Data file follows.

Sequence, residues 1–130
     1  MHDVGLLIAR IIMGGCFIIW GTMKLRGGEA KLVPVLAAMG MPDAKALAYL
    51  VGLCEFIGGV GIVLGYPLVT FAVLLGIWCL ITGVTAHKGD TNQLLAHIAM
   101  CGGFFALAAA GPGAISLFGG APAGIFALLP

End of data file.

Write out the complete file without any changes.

Sequence, residues 1–130
     1  MHDVGLLIAR IIMGGCFIIW GTMKLRGGEA KLVPVLAAMG MPDAKALAYL
    51  VGLCEFIGGV GIVLGYPLVT FAVLLGIWCL ITGVTAHKGD TNQLLAHIAM
   101  CGGFFALAAA GPGAISLFGG APAGIFALLP